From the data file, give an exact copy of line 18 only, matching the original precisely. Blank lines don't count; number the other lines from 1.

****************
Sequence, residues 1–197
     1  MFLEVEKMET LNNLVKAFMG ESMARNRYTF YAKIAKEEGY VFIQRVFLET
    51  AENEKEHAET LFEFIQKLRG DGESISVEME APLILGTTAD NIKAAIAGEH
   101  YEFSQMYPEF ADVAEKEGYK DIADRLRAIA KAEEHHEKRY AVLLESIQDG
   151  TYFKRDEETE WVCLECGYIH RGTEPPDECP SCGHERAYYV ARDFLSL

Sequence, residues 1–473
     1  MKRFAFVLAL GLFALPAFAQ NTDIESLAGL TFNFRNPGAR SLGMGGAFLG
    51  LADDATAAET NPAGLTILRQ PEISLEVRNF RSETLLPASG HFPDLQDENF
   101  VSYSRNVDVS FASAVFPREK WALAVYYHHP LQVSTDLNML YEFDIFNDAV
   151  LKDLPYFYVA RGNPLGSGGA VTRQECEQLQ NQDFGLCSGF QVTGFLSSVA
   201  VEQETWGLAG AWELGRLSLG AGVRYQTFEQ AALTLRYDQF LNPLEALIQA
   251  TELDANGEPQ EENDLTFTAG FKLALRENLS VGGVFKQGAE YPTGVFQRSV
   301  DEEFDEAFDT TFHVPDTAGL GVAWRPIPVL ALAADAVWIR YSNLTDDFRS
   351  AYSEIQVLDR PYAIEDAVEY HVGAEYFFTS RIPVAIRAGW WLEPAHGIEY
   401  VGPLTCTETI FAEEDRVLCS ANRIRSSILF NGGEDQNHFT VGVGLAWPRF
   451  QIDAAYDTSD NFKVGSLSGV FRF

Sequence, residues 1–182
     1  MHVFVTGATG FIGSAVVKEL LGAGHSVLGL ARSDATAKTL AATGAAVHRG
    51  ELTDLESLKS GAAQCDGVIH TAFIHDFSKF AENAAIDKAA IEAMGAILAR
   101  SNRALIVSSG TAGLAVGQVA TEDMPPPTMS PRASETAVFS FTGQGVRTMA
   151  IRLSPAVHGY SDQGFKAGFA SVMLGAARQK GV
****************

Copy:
     1  MHVFVTGATG FIGSAVVKEL LGAGHSVLGL ARSDATAKTL AATGAAVHRG